Today, technology has bought us so close and have made almost everything available at home itself. Google has played vital role in bringing the whole world down at home via internet. Google’s one such technology Google Street View has made this idea more practical which can be used to check out anything rite from your home. Street View have traveled almost in every prosperous place in world from Everest, the Colorado River, etc. This time however, Street View had its new destination: famous lake at Loch Ness.
Exactly eighty-one years ago today, the Daily Mail had printed the most famous photo of the Loch Ness Monster. The Loch Ness Monster (also called Nessie) is a cryptic that reputedly inhabits the Loch Ness Lake in the Scottish Highlands. It is similar to other supposed lake monsters in Scotland and elsewhere, though its description varies from one account to the next, with most describing it as large in size. This monster was first brought to the world’s attention in 1933. To celebrate this special day in cryptozoology, Google today launched its Street View imagery of the famous lake. You can now use Street View to explore both the surface of the 23-mile long lake and see some underwater imagery, too. As always, Google teamed up with the Catlin Seaview Survey for the underwater imagery.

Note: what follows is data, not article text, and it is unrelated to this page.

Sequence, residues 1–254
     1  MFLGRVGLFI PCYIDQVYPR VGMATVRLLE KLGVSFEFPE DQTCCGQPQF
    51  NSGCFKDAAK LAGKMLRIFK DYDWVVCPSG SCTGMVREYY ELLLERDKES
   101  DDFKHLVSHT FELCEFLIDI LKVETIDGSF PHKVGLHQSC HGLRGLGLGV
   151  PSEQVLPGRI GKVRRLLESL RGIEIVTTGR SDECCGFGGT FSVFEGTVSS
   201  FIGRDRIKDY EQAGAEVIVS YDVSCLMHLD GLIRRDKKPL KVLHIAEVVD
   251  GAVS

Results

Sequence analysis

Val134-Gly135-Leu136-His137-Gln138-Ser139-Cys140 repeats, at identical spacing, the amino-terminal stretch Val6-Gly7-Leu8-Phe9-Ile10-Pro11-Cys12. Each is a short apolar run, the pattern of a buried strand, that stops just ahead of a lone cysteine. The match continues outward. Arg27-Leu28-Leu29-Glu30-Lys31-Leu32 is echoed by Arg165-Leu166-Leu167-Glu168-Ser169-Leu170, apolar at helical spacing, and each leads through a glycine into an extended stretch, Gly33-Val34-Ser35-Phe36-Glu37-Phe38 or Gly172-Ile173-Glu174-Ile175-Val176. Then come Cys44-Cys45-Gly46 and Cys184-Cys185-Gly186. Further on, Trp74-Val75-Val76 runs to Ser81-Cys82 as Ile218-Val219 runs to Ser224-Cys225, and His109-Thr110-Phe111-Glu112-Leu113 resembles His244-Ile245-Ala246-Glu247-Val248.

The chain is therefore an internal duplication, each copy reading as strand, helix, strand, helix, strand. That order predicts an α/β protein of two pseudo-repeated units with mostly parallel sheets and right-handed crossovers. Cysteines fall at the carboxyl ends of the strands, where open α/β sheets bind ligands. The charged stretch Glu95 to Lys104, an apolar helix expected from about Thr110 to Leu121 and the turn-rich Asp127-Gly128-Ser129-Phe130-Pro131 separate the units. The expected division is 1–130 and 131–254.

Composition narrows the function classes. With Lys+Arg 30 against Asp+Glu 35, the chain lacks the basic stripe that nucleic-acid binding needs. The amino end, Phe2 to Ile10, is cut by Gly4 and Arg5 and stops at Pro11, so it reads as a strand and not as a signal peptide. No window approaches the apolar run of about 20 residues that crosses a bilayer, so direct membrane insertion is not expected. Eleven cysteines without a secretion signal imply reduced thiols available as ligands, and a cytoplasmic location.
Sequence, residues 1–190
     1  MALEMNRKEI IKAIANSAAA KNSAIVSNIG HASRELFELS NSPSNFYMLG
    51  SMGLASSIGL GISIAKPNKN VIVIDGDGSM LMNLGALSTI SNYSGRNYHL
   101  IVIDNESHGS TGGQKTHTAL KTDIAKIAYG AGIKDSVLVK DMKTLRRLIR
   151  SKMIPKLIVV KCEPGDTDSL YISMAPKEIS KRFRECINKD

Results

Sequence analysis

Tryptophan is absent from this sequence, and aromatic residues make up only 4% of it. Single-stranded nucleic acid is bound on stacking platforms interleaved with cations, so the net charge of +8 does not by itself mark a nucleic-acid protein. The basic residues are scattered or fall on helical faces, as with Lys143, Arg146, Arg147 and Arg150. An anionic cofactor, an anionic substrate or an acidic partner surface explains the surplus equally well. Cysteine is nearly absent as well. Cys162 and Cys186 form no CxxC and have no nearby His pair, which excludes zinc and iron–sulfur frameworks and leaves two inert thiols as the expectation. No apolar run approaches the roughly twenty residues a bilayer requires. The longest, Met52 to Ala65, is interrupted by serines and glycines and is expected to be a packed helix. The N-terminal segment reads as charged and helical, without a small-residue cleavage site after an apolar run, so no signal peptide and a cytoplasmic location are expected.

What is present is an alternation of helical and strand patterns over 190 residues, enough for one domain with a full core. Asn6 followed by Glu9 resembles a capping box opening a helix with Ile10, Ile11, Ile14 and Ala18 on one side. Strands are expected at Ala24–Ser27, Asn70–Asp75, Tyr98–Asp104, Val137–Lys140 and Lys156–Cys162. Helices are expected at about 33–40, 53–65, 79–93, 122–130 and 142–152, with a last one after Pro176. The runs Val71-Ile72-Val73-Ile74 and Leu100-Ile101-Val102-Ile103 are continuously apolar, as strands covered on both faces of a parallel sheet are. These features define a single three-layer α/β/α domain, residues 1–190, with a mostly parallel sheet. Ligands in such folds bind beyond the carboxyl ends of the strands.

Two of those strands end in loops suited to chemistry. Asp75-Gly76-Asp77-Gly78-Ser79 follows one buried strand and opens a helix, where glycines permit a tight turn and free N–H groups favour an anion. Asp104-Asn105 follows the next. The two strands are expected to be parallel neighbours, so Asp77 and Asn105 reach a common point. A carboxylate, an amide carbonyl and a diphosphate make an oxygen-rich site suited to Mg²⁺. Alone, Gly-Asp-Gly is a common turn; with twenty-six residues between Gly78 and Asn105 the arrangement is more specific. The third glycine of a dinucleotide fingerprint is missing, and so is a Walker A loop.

“Today, to celebrate the anniversary of its release, we’re bringing 360-degree Street View imagery of Loch Ness to Google Maps, so you can go in search of Nessie yourself.”
– Google Post
Google has been working with Loch Ness experts to try and hunt down the famous – and possibly fictional – monster. Adrian Shine, leader of the Loch Ness & Morar Project, has been engaged in fieldwork in the Highlands since 1973 and was an integral part of the Street View collection. Much to the debate of whether this fictional monster exists or is it hoaxes of our age, there are more searches for Loch Ness than there are for some of the famous U.K. institutions like Buckingham Palace. So the legend lives on—even in the digital era. You can go explore the photos for yourself here.